Graduation Year


Document Type

Ed. Specalist



Degree Name

Education Specialist (Ed.S.)

Degree Granting Department

Psychological and Social Foundations

Major Professor

Kathy Bradley-Klug, Ph.D.

Committee Member

Emily Shaffer-Hudkins, Ph.D.

Committee Member

Robert Dedrick, Ph.D.


IDEA, Early Steps, Part C, Part B, special education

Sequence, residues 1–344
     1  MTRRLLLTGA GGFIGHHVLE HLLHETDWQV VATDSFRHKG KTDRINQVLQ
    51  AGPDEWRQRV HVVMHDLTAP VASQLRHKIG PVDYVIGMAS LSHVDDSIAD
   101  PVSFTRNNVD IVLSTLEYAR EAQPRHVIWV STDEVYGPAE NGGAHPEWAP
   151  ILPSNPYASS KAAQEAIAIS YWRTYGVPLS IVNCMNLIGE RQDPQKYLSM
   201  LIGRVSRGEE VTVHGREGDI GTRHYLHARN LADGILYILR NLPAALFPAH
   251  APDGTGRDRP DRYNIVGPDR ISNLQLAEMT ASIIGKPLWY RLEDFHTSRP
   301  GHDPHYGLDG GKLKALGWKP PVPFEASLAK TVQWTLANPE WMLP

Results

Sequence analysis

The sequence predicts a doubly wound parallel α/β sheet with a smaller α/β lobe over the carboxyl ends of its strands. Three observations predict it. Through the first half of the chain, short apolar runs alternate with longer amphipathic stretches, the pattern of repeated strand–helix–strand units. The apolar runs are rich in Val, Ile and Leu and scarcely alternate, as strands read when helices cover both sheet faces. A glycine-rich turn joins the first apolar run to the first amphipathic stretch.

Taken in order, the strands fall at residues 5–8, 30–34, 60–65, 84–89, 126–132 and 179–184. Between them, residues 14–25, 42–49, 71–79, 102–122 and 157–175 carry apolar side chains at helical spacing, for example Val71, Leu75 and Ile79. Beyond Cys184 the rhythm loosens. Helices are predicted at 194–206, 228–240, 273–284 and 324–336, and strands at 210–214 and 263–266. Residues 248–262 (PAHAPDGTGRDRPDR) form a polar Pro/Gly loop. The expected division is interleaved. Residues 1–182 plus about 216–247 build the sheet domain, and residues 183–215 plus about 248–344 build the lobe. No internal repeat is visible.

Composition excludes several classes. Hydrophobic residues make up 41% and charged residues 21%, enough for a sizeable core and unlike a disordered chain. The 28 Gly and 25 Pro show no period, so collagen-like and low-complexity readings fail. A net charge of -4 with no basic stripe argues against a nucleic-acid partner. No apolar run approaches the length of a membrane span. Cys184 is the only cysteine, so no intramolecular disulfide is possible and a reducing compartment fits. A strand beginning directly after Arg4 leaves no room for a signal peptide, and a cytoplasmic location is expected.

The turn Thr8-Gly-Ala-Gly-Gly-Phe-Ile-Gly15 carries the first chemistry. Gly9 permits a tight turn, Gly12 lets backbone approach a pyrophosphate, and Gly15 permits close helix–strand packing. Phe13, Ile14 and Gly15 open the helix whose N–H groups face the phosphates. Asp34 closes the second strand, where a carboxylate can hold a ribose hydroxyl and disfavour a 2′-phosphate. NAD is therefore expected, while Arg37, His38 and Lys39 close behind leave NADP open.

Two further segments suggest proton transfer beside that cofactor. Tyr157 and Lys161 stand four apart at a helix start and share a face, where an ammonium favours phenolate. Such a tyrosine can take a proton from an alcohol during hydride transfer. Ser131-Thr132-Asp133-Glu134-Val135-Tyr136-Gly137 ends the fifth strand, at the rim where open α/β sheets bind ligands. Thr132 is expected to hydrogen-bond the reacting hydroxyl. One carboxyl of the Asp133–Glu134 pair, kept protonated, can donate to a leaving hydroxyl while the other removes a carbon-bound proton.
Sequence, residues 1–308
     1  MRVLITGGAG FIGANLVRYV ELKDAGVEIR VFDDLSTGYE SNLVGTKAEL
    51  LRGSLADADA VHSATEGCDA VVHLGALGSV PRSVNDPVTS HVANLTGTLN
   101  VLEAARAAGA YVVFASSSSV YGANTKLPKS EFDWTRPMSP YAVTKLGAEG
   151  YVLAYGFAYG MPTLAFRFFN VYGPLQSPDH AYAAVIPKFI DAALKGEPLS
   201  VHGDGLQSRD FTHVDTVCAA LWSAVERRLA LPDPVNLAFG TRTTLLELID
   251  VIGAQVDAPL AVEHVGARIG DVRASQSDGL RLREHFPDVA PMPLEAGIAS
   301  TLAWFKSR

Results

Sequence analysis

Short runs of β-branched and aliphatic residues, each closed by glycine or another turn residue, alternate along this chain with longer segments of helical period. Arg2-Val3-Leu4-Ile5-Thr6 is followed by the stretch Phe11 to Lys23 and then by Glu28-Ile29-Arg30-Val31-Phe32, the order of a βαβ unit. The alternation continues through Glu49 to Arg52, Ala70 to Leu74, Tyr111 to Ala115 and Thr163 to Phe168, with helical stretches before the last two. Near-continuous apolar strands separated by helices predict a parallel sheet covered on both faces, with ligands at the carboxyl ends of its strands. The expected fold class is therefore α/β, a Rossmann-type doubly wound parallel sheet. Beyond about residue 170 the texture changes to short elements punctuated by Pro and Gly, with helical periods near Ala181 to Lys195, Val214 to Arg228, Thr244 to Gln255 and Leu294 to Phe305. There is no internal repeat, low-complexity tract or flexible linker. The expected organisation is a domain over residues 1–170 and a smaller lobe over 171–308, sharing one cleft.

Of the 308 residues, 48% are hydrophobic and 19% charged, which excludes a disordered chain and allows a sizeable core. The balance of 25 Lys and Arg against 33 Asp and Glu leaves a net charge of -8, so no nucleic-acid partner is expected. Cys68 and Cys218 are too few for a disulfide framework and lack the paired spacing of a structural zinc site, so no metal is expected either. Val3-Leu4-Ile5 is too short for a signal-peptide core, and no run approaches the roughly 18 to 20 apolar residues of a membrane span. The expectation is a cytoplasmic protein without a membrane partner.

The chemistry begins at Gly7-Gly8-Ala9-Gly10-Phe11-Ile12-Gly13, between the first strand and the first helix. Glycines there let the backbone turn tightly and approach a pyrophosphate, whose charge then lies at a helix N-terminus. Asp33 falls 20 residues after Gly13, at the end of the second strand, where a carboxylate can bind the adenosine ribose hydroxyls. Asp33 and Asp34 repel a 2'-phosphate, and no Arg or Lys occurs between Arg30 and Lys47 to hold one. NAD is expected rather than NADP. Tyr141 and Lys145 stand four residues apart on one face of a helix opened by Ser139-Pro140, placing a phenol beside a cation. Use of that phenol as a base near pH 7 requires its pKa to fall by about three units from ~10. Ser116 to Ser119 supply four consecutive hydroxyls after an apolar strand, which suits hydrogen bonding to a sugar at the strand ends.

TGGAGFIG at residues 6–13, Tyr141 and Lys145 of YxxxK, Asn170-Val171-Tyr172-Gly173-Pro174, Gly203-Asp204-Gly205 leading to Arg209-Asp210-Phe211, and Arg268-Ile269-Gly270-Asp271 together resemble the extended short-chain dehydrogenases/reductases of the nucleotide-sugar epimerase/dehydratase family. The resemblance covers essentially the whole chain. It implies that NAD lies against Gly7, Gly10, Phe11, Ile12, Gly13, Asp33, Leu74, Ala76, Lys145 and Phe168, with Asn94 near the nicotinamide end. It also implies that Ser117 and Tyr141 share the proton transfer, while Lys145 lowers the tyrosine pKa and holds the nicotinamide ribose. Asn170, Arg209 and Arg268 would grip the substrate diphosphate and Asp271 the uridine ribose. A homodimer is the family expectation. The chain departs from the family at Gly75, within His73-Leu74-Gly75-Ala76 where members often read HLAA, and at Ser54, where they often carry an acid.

Infants and toddlers with developmental disabilities and certain medical conditions are at risk for a variety of adverse outcomes in childhood as well as into adulthood. Early identification and early intervention are essential for improving the trajectories and outcomes of these children. The Individuals with Disabilities Education Act (IDEA) is a federal law that affords protections to children with disabilities and those at risk for developmental delays. IDEA provides guidance and regulations to early intervention programs, schools, and states for identifying and delivering intervention services to children ages birth through 21 years. Although the provision of early intervention services are regulated by the federal government through IDEA, states have autonomy to decide how they define and measure disabilities and developmental delays. As a result, states differ greatly in their eligibility criteria as well as in the percentages of children identified for early intervention (IDEA Part C) and preschool special education (IDEA Part B). Thus, children who receive early intervention services may or may not continue to meet criteria for special education once they reach age 3. Few studies have examined the child, family, and early intervention characteristics that relate to how, when, and if children will transition from Part C to Part B. Those studies that have examined these relationships have not focused specifically on how these transitions occur in Florida. The purpose of the present study was to examine child, family, and early intervention characteristics that increase the likelihood of children transitioning from Part C to Part B in Florida. Participants in this study included infants and toddlers who exited the Bay Area Early Steps Program (one of Florida’s Part C providers) in 2016. Archival data were examined using a combination of descriptive statistics, Chi-squares, independent t-tests, and logistic regression analyses. Results of this study indicate that children exiting the Bay Area Early Steps Program were more likely to be eligible for preschool special education (Part B) if they were Black/African American, Hispanic, had an established/diagnosed condition, had a lower socioeconomic status, received speech/language services in Early Steps, received multiple different service types in Early Steps, and/or received Early Steps services in Polk County (as opposed to Hillsborough County). Children were not more likely to be eligible for Part B based on their gender, primary language, length of time in Early Steps, or receipt of occupational therapy, physical therapy, or early intervention services while in Early Steps. The findings of this study provide preliminary information about factors that relate to children’s transitions from early intervention to preschool special education in Florida. The findings also offer practical implications for the day-to-day operations of the Bay Area Early Steps program and the local school districts to which these children transition.